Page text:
In the 1980s, counterfeiting in the Republic of Ireland twice resulted in sudden changes in official documents: In November 1984, the £1 postage stamp, also used on savings cards for paying television licenses and telephone bills, was invalidated and replaced by another design at a few days' notice, because of widespread counterfeiting. Later, the £20 Central Bank of Ireland Series B banknote was rapidly replaced because of what the Finance Minister described as "the involuntary privatization of banknote printing."
In the 1990s, the portrait of Chairman Mao Zedong was placed on the banknotes of the People's Republic of China to combat counterfeiting, as he was recognized better than the generic designs on the renminbi notes.
In Australia, the original paper decimal currency banknotes introduced in 1966 were eventually replaced with new designs printed on clear polyester film, which allowed them to have "see through" sections that are almost impossible to duplicate with a photocopier.
There are many different ways to prevent counterfeiting or piracy of consumer media. Some software companies require a security key to install their products onto a computer. Some music CDs and movie DVDs come with anti-piracy encryption.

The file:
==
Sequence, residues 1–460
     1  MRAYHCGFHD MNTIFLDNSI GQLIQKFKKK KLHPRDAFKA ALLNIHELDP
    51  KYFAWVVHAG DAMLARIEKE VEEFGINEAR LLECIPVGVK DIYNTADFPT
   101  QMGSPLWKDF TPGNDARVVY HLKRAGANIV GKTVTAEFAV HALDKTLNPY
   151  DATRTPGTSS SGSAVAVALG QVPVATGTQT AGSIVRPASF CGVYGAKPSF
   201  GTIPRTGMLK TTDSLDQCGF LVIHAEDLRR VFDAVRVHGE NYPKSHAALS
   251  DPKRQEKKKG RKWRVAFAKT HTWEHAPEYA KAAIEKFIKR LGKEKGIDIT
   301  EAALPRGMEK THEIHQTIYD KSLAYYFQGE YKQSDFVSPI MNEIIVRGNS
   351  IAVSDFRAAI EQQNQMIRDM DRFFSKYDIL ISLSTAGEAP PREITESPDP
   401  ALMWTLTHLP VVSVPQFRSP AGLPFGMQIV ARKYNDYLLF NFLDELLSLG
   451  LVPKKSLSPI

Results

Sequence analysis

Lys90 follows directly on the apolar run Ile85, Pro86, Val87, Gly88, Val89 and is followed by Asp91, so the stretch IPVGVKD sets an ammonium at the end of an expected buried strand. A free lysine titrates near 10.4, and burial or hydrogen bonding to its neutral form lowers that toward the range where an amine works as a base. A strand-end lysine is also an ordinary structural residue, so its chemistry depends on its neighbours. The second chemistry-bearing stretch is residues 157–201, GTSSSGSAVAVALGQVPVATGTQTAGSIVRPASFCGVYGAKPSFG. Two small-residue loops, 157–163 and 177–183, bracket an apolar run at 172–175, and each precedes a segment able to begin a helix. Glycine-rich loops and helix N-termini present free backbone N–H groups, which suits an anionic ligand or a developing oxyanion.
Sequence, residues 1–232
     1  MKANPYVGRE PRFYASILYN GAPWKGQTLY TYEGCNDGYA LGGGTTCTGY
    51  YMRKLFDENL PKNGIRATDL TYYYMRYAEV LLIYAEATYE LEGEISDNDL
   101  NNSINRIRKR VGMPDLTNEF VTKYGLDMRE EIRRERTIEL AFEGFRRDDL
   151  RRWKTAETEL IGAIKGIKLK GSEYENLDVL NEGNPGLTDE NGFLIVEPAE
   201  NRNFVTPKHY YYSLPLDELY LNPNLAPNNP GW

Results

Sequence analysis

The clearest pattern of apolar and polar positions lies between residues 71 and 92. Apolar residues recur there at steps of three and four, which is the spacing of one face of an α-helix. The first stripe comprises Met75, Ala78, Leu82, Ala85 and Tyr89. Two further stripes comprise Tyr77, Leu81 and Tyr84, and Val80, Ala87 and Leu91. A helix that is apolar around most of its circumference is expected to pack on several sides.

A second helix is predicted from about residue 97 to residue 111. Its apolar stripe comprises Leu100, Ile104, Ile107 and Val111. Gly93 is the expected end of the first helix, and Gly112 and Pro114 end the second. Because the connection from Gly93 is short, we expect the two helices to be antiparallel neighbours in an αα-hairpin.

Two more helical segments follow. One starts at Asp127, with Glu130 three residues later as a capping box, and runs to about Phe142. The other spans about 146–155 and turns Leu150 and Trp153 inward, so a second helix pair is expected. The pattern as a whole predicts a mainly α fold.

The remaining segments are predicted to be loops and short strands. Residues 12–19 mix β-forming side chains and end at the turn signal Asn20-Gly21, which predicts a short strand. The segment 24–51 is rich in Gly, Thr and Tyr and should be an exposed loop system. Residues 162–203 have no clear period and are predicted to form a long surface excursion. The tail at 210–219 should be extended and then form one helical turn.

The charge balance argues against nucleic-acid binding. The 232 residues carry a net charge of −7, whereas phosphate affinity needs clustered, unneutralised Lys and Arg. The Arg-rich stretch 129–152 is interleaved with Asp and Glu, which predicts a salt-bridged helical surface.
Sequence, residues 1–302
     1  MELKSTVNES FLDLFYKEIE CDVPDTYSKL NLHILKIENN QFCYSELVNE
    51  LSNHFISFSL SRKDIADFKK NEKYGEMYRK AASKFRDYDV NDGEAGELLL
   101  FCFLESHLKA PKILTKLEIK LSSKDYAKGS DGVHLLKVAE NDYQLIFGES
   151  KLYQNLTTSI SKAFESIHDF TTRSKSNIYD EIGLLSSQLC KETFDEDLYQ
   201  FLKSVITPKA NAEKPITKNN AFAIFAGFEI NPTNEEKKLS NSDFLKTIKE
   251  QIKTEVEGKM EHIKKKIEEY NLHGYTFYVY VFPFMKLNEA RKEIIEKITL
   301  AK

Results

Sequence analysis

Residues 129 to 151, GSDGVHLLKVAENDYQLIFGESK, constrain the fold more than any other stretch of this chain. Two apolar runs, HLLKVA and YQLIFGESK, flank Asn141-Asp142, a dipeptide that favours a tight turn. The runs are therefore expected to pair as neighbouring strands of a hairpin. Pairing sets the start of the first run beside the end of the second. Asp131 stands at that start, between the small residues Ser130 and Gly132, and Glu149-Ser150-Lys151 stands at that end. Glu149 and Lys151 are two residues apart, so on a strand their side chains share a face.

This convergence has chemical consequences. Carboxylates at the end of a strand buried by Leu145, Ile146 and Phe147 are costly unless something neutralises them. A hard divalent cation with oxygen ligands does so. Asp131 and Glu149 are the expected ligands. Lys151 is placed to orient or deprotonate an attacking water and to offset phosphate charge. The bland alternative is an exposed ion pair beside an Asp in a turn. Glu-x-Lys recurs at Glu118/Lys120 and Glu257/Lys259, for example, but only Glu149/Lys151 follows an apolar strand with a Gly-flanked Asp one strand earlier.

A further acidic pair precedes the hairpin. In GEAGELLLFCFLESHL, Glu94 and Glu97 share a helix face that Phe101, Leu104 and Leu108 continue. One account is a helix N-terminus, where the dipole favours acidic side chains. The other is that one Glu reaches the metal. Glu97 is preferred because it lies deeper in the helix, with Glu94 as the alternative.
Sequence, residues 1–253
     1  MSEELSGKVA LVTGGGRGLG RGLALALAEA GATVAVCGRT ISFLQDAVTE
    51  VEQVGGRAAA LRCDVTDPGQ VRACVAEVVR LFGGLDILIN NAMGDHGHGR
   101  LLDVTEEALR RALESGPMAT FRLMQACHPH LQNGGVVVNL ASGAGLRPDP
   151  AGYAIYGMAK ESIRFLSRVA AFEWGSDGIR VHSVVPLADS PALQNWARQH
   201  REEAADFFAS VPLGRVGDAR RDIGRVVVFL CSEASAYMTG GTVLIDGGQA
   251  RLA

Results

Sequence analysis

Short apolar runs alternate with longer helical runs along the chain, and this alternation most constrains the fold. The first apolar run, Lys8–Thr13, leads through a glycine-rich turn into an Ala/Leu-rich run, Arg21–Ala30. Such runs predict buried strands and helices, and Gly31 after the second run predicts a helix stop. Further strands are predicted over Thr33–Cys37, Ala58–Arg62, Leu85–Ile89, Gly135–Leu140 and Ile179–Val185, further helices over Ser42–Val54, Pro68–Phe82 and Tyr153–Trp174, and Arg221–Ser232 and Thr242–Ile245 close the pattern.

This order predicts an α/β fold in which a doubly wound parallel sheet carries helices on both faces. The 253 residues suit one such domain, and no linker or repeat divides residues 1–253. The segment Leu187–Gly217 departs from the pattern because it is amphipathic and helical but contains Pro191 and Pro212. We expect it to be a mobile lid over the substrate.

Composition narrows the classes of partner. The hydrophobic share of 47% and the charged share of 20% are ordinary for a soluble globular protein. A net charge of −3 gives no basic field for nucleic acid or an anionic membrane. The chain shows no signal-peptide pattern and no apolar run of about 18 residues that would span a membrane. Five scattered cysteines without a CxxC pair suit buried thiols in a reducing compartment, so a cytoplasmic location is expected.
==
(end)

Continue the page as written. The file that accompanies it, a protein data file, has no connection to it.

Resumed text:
New technology, such as watermarks and scanable barcodes, has also made it easier to create more secure physical documents. These have been implemented in such identification cards as drivers' licenses.
One of the most frequent issues raised at the World Trade Organization is that of counterfeiting. The United States has often complained of Chinese counterfeit goods eating into their profits. Economic sanctions against Chinese business are one possible outcome of such a complaint with the WTO.
The issue of counterfeiting will continue to be a thorn in the side of legitimate business so long as there are people who believe that there is a profit to be made.
- Forbes Magazine, Pakistan printing fake Indian currency—Times of India. Retrieved April 25, 2007.
- India Alert, MK Narayanan's speech at the 43rd Munich Conference on Security Policy. Retrieved March 17, 2007.
- The Third Global Congress on Combating Counterfeiting and Piracy, First Global Congress on Combating Counterfeiting. Retrieved March 17, 2007.
- BBC Two, "Bad Medicine" broadcast on Tuesday July 12, 2005.
- Yottamark, Video clip of mobile phone verification of authenticity of drugs. Retrieved March 17, 2007.
- BBC, Fake drugs caught inside the pack. Retrieved March 17, 2007.
- BBC, US mulls WTO move on China piracy. Retrieved March 17, 2007.
- Burke, Bryan O. Nazi Counterfeiting of British Currency During World War II: Operation Andrew and Bernhard. Book Shop, 1988. ISBN 0961827408
- Hopkins, David M., Lewis T. Kontnik, and Mark T. Turnage. Counterfeiting Exposed: How to Protect Your Brand and Market Share. New York: Wiley, 2003. ISBN 0471269905
- Johnson, David R. Illegal Tender—Counterfeiting And The Secret Service In Nineteenth-century America. Smithsonian Institution, 1995. ISBN 0788198041
All links retrieved December 9, 2017.